How will electric trucks impact your service operation?

How will electric trucks impact your service operation?

One of the biggest potential operational efficiency gain bullet points when OEMs and suppliers talk about electric trucks is the potential for less maintenance compared to diesel trucks. In theory, it might be true. Eliminate the diesel engine and a good amount of service headaches are gone. No oil changes to tackle, coolant leaks to patch or aftertreatment systems to diagnose. It’s conceivable to think the tires would be the foremost preventative maintenance touch point for the electric vehicles.

That’s great in theory, but theory rarely matches up to reality, especially on the open road. The real answer to the question is: We don’t know. But you can be sure that OEMs, suppliers and fleets are going to find out.

“We certainly hope it’s going to be less maintenance,” said Paul Rosa, senior vice president of procurement and fleet planning at Penske. “When you take off the engine, the transmission, the differential, the wheels—you would expect that it’s going to be less. That’s what we’re all planning for. It’s going to be different dealing with multiple electric motors and torque converters and load on the batteries, but we still have to deal with seats and windshield wipers and mirrors, and all these other types of things. It’s shifting our focus on what we have to be prepared for, and that is part of the learning for us.”

Penske Truck Leasing is on the cutting edge of electric truck operation. The company took delivery of Daimler Trucks North America’s (DTNA) first electric vehicle—a Freightliner eM2—as a part of the Freightliner Electric Innovation Fleet, and the impact on service was evident early on.

“I would say that the big thing that we recognize is that it’s a whole different level of service technician,” explained Roger Nielsen, DTNA president and chief executive officer. “The person that has spent a career as a diesel tech now has to advance his or her skills to become a high-voltage troubleshooting technician. We’re seeing that the level of service support, in terms of training, needs to increase.”

“We have a comprehensive program already underway that is ready to be adapted to additional electric truck lessons,” Rosa said, “but where we are going to be placing the vehicles that we’re getting from Daimler—those multiple locations are going to be going through special training.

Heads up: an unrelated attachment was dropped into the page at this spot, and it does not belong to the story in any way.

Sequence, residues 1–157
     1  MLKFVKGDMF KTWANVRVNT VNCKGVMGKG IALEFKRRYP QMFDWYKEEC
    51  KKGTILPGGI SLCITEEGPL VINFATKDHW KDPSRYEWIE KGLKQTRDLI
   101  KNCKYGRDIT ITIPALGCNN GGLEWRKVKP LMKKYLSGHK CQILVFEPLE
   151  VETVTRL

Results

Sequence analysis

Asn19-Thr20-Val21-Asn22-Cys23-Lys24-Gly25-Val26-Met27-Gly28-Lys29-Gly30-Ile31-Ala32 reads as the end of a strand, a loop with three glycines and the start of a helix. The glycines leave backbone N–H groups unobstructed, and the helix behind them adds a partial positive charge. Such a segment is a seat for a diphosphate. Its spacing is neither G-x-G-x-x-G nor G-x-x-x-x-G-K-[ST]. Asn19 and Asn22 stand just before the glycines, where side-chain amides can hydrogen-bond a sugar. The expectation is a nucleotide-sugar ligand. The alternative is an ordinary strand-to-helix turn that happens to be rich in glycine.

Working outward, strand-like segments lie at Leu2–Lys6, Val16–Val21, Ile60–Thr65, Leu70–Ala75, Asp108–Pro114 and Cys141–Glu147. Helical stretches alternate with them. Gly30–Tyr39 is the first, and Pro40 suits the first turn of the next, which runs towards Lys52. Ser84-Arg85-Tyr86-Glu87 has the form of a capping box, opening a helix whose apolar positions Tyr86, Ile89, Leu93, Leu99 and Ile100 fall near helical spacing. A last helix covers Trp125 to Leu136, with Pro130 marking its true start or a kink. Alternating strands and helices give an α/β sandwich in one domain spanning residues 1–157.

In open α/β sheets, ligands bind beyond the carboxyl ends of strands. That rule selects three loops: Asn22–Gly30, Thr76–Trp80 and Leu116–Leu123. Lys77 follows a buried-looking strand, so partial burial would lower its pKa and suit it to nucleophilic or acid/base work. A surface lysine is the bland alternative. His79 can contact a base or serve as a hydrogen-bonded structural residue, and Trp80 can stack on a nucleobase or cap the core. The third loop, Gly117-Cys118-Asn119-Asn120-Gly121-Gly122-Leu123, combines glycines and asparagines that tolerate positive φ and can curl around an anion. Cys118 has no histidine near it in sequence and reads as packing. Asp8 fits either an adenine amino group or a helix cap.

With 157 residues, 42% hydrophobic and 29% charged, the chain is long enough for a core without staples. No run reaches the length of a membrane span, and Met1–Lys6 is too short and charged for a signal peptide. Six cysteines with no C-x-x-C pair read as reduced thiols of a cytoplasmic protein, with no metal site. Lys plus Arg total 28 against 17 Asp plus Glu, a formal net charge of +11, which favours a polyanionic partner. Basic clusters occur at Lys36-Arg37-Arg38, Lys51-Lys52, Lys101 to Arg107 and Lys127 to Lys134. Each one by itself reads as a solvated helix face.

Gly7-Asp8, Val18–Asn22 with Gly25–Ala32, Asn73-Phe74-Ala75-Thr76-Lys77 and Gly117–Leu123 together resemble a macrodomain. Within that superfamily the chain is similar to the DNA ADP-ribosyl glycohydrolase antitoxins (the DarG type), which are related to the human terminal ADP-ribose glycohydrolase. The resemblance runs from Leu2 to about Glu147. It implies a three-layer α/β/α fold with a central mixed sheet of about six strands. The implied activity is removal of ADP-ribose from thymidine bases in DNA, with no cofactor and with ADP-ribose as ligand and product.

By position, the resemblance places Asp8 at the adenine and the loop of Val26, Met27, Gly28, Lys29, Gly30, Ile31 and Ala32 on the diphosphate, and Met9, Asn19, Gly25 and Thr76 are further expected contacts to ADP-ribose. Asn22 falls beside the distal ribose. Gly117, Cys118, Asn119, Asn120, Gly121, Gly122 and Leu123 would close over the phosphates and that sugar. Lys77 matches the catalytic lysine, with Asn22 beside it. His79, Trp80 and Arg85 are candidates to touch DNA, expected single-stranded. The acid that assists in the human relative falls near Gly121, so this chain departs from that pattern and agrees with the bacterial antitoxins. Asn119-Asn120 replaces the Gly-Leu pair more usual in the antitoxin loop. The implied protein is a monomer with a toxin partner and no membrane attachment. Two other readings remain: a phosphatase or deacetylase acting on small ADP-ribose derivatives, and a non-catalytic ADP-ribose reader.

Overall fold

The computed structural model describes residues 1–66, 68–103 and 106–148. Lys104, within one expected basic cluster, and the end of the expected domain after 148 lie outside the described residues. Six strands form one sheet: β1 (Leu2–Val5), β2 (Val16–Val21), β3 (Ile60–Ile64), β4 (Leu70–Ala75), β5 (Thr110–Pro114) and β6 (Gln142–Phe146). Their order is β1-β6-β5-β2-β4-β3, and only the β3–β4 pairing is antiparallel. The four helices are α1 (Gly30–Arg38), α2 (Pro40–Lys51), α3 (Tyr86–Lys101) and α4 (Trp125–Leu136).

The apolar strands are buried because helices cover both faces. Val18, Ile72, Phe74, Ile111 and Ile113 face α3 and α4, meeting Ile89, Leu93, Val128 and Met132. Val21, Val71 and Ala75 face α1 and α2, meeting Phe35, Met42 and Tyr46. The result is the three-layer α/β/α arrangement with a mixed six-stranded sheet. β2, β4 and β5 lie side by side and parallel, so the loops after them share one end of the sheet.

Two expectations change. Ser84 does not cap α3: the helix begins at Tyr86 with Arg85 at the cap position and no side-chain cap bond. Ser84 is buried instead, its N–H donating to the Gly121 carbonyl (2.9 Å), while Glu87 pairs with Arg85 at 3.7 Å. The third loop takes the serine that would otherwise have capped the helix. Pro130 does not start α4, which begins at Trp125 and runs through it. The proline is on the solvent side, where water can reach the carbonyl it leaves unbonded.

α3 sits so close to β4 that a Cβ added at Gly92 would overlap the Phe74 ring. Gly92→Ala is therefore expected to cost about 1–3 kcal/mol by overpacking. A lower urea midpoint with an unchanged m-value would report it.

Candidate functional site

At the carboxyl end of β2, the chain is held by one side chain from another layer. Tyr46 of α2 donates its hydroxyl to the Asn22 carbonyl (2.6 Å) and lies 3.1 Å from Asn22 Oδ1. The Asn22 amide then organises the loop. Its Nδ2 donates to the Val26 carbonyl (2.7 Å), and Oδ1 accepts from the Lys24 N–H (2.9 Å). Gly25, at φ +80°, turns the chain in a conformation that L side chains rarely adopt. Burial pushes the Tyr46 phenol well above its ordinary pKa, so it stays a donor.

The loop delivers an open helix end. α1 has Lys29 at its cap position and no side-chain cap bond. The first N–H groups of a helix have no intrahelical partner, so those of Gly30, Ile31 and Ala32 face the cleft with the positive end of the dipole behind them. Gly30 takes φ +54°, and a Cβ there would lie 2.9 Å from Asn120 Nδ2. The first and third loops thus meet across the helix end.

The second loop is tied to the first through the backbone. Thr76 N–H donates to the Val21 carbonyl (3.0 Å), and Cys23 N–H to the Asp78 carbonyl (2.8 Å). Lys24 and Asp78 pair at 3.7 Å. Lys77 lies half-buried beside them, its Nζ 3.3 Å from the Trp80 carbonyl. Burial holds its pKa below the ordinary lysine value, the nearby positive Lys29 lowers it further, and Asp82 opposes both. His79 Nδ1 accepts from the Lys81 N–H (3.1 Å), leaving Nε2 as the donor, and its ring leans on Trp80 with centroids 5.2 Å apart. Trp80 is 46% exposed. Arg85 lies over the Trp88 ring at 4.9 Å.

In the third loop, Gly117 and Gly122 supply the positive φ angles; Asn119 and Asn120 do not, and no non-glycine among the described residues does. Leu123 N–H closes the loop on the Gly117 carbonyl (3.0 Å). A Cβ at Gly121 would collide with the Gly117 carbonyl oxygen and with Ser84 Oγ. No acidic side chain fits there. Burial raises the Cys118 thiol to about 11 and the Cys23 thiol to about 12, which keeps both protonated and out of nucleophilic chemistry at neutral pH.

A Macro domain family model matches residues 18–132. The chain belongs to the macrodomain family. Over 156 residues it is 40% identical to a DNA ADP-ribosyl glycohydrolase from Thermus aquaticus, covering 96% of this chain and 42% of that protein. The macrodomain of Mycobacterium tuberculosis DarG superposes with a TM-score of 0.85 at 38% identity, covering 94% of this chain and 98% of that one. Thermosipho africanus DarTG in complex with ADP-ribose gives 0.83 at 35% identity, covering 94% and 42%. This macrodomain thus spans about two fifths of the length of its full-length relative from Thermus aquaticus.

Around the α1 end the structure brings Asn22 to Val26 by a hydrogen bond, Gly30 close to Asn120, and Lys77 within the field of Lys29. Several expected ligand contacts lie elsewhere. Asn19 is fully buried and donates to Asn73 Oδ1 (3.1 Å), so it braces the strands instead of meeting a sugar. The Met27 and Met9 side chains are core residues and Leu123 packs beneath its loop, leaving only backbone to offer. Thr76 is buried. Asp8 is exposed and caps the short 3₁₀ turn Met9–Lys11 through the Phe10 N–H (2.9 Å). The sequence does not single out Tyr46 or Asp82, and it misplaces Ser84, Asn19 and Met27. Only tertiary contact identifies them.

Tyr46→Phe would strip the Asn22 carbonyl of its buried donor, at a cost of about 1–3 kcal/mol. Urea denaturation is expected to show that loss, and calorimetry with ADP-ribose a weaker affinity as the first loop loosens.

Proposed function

“The training is obviously geared toward high-voltage activity,” he continued. “We want to make sure that the facility is safe, as well, to handle the vehicle. We want to be sure the technicians are properly trained. So there is a specific program that we will be taking them through. There will be a number of them on site that will be certified.”

Rosa went on to explain that Penske Truck Leasing will have a number of technicians at each location designated to servicing the Freightliner eM2 as it rolls into service.

“Of course, we will adapt that training and roll that out as more locations get vehicles as this continues to grow in popularity and viability,” Rosa said. “We’re well prepared with safety equipment in the shop and special tooling in the shop, as well as the additional high-voltage knowledge that has to be transferred to the technicians.”

For the heavy-duty service skeptics shaking your heads right now: it’s true that electric truck technology has a lot to prove, but both equipment manufacturers and fleets are putting their R&D money where their mouths are, and the industry’s overall interest in the technology is at a high enough level that you will want to start talking with those within your fleet—from your fleet manager to your technicians—to ensure that you’re ready for electric trucks.

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